Marine & Environmental Sciences Faculty Reports

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Baseline mapping and quantitative assessment data are required prior to future permitted or un-permitted impacts in order to determine the pre-existing state of the benthic resources; therefore, it is imperative that these data be collected on the ecologically sensitive and economically valuable shallow-water coral reef habitats in southeast Florida. In southeast Florida, the nearshore reef habitats are most vulnerable to coastal construction activities and other anthropogenic impacts, therefore these habitats were the focus for this study. The study goals were to provide a spatially appropriate map of increased resolution and a regional quantitative characterization of nearshore benthic resources to evaluate differences in benthic communities between habitats and with latitude for the southeast Florida region of the Florida Reef Tract. This study is a snapshot habitat characterization providing the current status of shallow-water coral reef community composition. Additionally, these data can be used to reduce un-permitted impacts by informing marine zoning efforts and aid in the creation of new no-anchor zones.

Detailed 1ft resolution overlapping aerial photographs were collected for the Nearshore Ridge Complex (NRC) and Inner Reef from Key Biscayne to Hillsboro Inlet, 68.5km of coastline by PhotoScience, Inc. on March 8, 2013. The imagery and recent bathymetry were visually interpreted into benthic habitat maps. Quantitative groundtruthing of 265 targeted and randomized sites was conducted between April and June 2014. Five 1km wide cross-shelf corridors were placed as evenly as possible across the mapped space while maintaining consistent habitat types and amounts between corridors and avoiding any major anthropogenic influences like shipping channels and proximity to inlets and outfalls. Survey site locations were stratified across three main habitats within each corridor: Colonized Pavement-Shallow, Ridge-Shallow, and Linear Reef-Inner. Percent cover data at each site was collected. Additionally, species, colony size (length, width, height), percent mortality, condition (pale or bleached), and presence of disease was recorded for stony corals. Gorgonians were categorized by morphology (rod, plume, fan) and counted in four size classes (4-10, 11-25, 26-50, and >50cm). Xestospongia muta and Cliona spp. were also counted. Then an accuracy assessment was performed where drop camera video with GPS data were collected at 494 locations randomly stratified across all habitat types. The overall accuracy was 97.9% at the Major Habitat level.

Of the 172.73km² seafloor mapped, the polygon totals indicated 41.34% was Sand, 47.07% was Coral Reef and Colonized Pavement, 9.35% was Seagrass, and 2.25% was Other Delineations. These totals are estimates due to some habitats having a large mix of sand within. Three habitat types dominated the mapped hardbottom area. The largest was Colonized Pavement (38.36km²), followed by Ridge-Shallow (25.52km²), and Linear Reef-Inner (14.99km²). These comprised 97% of the hardbottom habitats. Seagrass accounted for 9.35% of the map and was solely contained south of Government Cut. Sand comprised 41.34% of the map and Other Delineations accounted for 2.25%.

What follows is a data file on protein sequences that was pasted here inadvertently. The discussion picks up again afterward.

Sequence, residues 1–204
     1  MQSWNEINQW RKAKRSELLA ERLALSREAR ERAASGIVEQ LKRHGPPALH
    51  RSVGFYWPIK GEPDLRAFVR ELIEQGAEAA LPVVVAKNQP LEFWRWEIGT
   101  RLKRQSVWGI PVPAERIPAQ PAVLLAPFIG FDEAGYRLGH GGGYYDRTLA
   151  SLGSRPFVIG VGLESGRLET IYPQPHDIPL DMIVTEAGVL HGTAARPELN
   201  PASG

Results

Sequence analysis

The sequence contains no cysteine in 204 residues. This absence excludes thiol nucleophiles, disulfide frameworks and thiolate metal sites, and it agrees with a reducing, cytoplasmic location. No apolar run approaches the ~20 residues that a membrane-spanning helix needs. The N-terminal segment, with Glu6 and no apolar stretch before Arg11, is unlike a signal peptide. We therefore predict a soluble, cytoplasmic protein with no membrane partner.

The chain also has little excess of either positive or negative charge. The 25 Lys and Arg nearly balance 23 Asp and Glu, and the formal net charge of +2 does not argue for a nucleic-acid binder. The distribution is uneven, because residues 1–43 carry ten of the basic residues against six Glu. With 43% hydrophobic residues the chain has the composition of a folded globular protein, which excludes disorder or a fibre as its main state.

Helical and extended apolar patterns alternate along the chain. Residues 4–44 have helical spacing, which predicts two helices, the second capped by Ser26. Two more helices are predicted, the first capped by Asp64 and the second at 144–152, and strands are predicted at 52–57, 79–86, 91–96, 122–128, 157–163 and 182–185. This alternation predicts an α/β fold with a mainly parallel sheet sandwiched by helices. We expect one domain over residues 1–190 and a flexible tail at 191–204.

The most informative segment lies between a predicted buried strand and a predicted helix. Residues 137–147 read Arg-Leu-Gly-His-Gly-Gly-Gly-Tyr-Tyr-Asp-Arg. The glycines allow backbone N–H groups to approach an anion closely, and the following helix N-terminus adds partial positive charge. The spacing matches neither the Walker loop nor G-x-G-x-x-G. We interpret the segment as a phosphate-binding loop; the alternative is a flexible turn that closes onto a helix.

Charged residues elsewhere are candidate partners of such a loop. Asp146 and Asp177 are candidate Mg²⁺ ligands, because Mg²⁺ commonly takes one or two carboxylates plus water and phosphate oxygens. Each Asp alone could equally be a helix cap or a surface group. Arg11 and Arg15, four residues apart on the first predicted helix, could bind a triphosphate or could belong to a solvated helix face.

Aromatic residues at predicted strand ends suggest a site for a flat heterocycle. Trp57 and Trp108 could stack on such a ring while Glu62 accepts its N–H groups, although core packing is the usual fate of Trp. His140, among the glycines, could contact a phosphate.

The clear, high-resolution images enabled the delineation of thirty-five dense Acropora cervicornis patches. Some of these corresponded to known locations of dense patches. These are the largest dense patches in the continental United States. Using aerial photography delineations area estimates, the seven patches near the known existing locations totaled approximately 46,000m² whereas the 28 newly confirmed areas exceed 110,000m². Dense Acropora cervicornis comprised 1% of the mapped hardbottom habitats.

Significant differences in percent benthic cover between habitats occurred in all corridors, however some comparisons were stronger than others. Corridor 1 exhibited clear differences between the colonized pavement and inner reef sites due to the high percentages of seagrass on the colonized pavement that did not occur on the Inner Reef sites (nor any other habitat in the region). Corridor 2 showed much weaker differences between habitat types, however the colonized pavement sites were significantly distinct from the inner reef and ridge sites due to the comparatively high percentage of sand on the colonized pavement versus the inner reef and ridge. Corridor 3 ridge was significantly distinct from the colonized pavement and inner reef sites mostly due to lower percentage of Palythoa spp. on the ridge. Corridor 4 inner reef sites were significantly different from the others driven by much higher percentage of macroalgae and higher Palythoa spp. Corridor 5 exhibited significant differences between all habitat types. Inner reef sites had higher percentages of Palythoa spp., gorgonians, and sponges than any other habitat. Colonized pavement sites had the lowest percentages of gorgonians and Palythoa spp. while having the highest percentages of sand.

Comparisons of benthic cover percentages between all sites in a given habitat type were conducted to evaluate latitudinal community differences. Among colonized pavement sites, Corridor 1 was significantly different from all other corridors due to the presence of seagrass which only occurred in Corridor 1 colonized pavement. Corridor 5 was also significantly distinct from all other corridors due to a low percentage of gorgonians, stony corals, and Palythoa spp. with a high percentage of turf algae. The ridge sites comparisons showed distinct clustering of corridors 2, 3, and 5 in the MDS indicating that there are latitudinal differences in benthic cover in the ridge habitat. The main dissimilarity contributors in corridor 2 were lower percentages of palythoa spp. and macroalgae than corridors 3 and 5 and higher percentages of gorgonians and stony corals than corridor 5. Corridor 3 had higher percentages of macroalgae, stony corals, and gorgonians than corridor 5. The inner reef sites also exhibited latitudinal differences in benthic cover. Corridors 1 and 5 separated out from the other corridors and each other. The main cover classes driving the clustering of corridor 1 sites were high percentages of gorgonians and Palythoa spp, while the main contributor to the corridor 4 cluster was high macroalgae percentages in that corridor.

A total of 4,568 stony coral colonies were identified, counted, and measured. Twenty-two species were found, but Porites astreoides (29.7%), Siderastrea siderea (17.5%), and Acropora cervicornis (10.3%) comprised 57.5% of the total number of stony corals measured in this study. The largest coral measured in the study was a Siderastrea siderea located in corridor 4 which measured 225 cm long, 200 cm wide, 140 cm tall and an estimated 4.1 m² of live tissue. Stony coral density pooled for the entire surveyed area of 4,200m² was 1.09 corals/m². Mean coral density was lowest in the colonized pavement sites and highest in the inner reef sites, however this also varied by corridor. The colonized pavement coral density in Corridors 1 and 5 was lowest and highest in Corridors 3 and 4.